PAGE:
A fluffy Labrador might not look quite how you think! Labs have a wonderful, thick, double-layered coat. In fact, their coat is one of their most distinctive features. The standard Labrador coat is pretty fluffy in its own right – especially as puppies! But, it’s also possible to get a long-haired variant, which is even fluffier! A long haired fluffy Labrador falls outside of the breed standard, so they won’t qualify for show. But, they will have the same lovable temperament, making a great family pet nonetheless.
Do Fluffy Labradors Exist?
In the eyes of many people, a standard Labrador Retriever is pretty fluffy. Labs have a lot of fur! Especially during those shedding periods, when owners will find that fur everywhere. Labradors have a double layered, dense, water-resistant coat. This coat type was vital for keeping them at the best temperature in their original roles. Originally, Labs retrieved game for owners on hunts in all conditions, both on land and in water. Nowadays, their roles have changed to include work as police dogs, guide dogs, and companion animals! But, that coat type has stayed the same.
As puppies, Labs will have a wonderfully soft and fluffy coat. But, over their early months, this will shed to reveal their adult coat. A standard adult Labrador coat is less fluffy, more dense and practical. But, it’s also possible to get Labradors with longer, wavier fur. Let’s take a closer look at these different coat types.
About the Standard Labrador Retriever Coat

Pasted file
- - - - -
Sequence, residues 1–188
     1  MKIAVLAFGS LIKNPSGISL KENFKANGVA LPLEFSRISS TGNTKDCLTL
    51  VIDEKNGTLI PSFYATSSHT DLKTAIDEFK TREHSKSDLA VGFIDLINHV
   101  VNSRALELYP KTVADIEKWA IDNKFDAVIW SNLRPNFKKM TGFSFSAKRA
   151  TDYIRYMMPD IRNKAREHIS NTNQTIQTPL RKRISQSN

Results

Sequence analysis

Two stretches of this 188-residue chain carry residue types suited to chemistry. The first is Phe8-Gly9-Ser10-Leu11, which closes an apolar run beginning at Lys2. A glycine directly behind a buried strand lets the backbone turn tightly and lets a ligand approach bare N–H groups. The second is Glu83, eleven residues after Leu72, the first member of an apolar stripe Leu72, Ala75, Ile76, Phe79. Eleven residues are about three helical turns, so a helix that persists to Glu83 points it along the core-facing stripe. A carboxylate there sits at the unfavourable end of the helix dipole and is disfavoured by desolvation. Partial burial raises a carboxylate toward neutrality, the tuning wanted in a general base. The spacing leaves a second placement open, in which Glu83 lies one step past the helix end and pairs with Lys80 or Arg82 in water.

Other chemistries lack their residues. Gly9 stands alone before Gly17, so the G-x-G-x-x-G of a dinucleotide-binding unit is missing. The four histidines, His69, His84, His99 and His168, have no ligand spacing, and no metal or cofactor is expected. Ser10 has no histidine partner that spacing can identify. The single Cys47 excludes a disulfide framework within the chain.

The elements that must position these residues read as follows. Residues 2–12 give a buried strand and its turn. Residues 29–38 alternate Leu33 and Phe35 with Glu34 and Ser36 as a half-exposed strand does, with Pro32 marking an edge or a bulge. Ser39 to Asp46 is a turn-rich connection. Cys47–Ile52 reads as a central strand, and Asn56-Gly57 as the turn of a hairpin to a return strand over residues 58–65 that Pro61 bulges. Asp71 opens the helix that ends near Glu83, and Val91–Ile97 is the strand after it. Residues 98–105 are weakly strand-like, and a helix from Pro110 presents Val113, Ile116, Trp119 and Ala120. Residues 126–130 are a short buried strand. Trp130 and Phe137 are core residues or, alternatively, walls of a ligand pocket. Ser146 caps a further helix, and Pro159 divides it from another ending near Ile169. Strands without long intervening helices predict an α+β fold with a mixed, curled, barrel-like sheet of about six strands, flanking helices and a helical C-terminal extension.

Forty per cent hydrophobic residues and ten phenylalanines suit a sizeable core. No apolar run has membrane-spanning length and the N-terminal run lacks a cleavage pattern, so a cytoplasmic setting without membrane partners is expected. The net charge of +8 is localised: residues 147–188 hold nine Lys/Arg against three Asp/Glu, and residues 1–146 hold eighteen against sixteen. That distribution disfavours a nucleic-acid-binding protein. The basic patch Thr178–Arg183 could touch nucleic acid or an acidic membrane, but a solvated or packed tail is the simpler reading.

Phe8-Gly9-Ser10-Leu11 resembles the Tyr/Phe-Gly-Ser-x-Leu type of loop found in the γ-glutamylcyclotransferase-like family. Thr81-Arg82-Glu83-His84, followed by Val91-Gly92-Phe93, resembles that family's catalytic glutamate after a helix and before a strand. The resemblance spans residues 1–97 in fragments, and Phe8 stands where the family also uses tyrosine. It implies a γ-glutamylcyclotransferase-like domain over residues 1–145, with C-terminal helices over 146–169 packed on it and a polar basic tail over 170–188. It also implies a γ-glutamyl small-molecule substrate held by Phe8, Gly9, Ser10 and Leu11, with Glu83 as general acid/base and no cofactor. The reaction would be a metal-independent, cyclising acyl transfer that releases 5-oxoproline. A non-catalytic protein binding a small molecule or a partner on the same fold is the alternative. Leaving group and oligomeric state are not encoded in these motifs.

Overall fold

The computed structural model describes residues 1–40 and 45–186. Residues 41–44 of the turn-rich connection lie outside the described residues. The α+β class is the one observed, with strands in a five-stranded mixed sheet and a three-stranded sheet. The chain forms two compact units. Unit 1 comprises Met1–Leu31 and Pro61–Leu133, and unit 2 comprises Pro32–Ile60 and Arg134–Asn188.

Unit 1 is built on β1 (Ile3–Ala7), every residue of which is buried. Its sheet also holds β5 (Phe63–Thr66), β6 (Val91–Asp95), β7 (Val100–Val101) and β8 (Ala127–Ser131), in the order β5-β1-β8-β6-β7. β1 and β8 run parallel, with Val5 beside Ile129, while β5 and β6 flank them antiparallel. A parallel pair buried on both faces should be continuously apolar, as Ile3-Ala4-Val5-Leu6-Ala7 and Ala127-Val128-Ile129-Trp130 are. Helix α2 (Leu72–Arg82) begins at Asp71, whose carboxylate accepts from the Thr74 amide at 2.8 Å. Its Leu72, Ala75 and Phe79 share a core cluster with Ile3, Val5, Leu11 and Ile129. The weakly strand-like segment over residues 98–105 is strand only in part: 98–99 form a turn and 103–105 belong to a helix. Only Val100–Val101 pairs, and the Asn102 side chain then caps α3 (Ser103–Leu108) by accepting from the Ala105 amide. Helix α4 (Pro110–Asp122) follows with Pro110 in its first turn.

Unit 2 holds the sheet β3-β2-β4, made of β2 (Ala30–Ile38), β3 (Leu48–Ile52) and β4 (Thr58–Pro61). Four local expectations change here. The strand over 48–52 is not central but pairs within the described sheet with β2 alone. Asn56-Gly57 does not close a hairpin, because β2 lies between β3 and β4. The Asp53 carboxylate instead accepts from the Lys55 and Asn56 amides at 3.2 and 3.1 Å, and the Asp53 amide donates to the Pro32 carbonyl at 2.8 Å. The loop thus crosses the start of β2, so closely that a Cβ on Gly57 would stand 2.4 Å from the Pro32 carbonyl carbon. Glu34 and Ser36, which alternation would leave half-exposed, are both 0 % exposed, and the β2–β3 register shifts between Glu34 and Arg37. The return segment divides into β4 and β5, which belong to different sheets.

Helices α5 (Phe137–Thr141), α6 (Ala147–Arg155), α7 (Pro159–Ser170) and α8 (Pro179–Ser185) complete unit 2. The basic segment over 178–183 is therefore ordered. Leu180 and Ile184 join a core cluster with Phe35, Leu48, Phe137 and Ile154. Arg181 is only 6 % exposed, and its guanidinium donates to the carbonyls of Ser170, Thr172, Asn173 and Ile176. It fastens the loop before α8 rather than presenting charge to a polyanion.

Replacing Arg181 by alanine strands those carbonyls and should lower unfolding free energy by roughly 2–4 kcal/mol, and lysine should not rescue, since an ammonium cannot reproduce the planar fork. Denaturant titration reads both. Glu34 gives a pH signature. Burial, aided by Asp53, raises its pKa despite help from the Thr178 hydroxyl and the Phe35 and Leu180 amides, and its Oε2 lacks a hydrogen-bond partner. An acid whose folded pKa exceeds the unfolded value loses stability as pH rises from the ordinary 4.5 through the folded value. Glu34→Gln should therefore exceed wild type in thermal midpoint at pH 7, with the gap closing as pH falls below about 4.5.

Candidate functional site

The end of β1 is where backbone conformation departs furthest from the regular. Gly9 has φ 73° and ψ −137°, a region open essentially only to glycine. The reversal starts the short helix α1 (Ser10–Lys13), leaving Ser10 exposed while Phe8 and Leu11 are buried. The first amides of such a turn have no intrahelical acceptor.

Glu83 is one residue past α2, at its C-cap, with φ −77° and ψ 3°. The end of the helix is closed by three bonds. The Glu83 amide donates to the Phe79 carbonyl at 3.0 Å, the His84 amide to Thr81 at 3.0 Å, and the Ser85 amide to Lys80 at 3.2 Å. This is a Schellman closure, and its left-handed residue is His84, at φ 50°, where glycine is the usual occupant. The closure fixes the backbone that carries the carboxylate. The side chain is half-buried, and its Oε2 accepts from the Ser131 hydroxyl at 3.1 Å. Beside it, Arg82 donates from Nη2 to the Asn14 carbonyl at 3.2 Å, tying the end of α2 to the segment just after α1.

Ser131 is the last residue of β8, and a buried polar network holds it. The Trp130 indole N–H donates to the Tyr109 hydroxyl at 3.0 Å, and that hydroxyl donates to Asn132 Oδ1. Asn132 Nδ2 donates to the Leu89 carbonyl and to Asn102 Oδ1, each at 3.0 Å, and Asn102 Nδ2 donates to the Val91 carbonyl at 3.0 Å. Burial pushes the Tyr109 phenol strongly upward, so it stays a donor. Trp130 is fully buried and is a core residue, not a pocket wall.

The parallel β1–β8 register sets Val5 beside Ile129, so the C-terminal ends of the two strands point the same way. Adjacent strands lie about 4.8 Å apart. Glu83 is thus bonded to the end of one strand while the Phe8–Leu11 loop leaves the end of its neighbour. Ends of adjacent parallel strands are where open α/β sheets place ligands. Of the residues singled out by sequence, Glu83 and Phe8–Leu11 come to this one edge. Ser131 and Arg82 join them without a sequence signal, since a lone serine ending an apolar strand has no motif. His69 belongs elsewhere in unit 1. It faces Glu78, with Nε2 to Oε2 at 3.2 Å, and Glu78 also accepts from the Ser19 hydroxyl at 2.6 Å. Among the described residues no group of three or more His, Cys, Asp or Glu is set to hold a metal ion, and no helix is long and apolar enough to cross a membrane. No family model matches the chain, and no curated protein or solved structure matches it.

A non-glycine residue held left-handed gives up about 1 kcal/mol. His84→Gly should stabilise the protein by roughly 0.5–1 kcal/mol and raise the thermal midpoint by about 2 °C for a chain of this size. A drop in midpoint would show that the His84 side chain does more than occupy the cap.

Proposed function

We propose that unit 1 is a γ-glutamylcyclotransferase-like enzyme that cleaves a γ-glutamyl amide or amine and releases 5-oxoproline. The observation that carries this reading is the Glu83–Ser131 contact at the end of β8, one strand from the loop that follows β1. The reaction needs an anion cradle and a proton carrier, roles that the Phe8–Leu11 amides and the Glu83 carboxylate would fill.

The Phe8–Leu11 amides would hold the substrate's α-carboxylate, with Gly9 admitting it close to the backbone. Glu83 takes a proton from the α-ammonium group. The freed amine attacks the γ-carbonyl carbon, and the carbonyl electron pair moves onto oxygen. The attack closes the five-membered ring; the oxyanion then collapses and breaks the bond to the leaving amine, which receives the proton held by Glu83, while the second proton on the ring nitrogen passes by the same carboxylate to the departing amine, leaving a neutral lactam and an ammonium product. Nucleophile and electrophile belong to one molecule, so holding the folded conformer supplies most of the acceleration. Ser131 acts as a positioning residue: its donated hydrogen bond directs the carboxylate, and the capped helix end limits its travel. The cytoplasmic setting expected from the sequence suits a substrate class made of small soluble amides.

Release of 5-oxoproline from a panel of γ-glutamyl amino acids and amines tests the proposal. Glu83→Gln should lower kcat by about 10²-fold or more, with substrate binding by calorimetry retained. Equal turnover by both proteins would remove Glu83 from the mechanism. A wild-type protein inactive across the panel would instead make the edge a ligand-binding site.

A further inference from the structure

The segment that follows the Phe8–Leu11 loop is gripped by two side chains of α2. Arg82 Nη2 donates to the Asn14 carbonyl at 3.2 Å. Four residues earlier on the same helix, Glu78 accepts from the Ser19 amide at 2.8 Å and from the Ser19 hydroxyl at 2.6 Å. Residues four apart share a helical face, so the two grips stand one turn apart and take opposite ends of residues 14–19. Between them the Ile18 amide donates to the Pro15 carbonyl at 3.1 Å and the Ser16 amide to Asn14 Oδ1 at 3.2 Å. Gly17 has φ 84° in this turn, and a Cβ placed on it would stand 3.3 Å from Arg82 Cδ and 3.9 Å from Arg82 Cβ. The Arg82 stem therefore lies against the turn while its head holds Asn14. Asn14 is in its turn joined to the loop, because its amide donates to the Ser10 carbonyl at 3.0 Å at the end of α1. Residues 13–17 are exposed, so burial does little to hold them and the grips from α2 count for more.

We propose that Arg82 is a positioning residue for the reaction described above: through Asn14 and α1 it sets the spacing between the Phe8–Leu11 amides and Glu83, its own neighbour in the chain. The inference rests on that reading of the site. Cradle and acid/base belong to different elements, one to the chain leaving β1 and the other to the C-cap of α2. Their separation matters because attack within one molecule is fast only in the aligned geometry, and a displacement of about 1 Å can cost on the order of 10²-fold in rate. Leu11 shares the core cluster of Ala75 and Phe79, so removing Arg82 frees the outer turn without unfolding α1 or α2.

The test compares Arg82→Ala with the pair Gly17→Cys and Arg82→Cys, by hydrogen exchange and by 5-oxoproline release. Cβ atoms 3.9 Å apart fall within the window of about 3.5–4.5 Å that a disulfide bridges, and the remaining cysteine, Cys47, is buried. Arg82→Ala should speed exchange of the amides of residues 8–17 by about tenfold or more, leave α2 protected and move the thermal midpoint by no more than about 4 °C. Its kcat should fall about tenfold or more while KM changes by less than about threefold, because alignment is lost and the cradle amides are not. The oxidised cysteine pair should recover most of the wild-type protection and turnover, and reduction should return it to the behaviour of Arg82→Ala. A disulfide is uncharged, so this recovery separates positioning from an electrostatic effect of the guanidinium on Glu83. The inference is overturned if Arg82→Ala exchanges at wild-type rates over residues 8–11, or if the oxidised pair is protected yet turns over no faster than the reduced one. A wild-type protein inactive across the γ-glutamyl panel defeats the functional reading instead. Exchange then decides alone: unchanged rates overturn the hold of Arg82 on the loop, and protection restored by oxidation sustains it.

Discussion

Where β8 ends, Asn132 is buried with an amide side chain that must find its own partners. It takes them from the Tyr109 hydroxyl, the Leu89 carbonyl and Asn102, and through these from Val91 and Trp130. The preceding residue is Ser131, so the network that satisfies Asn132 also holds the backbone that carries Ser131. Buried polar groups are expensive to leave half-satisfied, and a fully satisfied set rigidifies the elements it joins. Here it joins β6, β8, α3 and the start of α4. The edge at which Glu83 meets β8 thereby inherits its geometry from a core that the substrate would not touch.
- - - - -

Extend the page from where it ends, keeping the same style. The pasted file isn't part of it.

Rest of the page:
To get a better idea of the standard Labrador’s coat, you can take a look at the official breed standard. The Labrador Retriever breed standard describes a short, dense coat made up of straight fur. This fur will feel firm to the touch. But, it’s actually made up of two layers. Only the top layer is made of this harder fur.
Underneath, you’ll find a much softer, weather-resistant undercoat. This underlayer is water-resistant, but also provides some much needed insulation against the cold weather that Labradors would traditionally work in.
The breed standard allows a slight wave down your Labrador’s back. But, it disqualifies any Labs with woolly, silky, or sparse and slick coats. So, even though super fluffy Labs might look cute, they won’t always qualify as show dogs.
Long Haired Labrador Retriever
Although the breed standard states that Labs have short, straight fur, it is possible to find Labradors with a longer, wavier coat. This fur type is caused by the fibroblast growth factor 5 gene, also known as the FGF5 gene, or the L gene. In its recessive form, this gene produces long fur. But, Labradors must receive two copies of the recessive gene to have that longer fur. And, recessive genes can go unnoticed for generations. So it can be quite hard to find long-haired Labs, and is often a complete surprise when they appear in a litter, showing their longer fur at around 6 weeks.
Since a long haired Labrador has longer, wavier fur than the standard type, they may fit your vision of a fluffy Labrador. But, many breeders will test dogs for the L gene, to avoid breeding two Labs with recessive copies. So, it can be quite hard to find long haired Labrador puppies.
Fluffy Labrador Puppies
If you’ve seen a litter of Labrador puppies, you’ll know fluffy is the best adjective for them. A Labrador’s puppy coat won’t feel or look quite like their adult coat. Instead, it will be very soft to the touch, and often a single layer rather than double-layered and water resistant.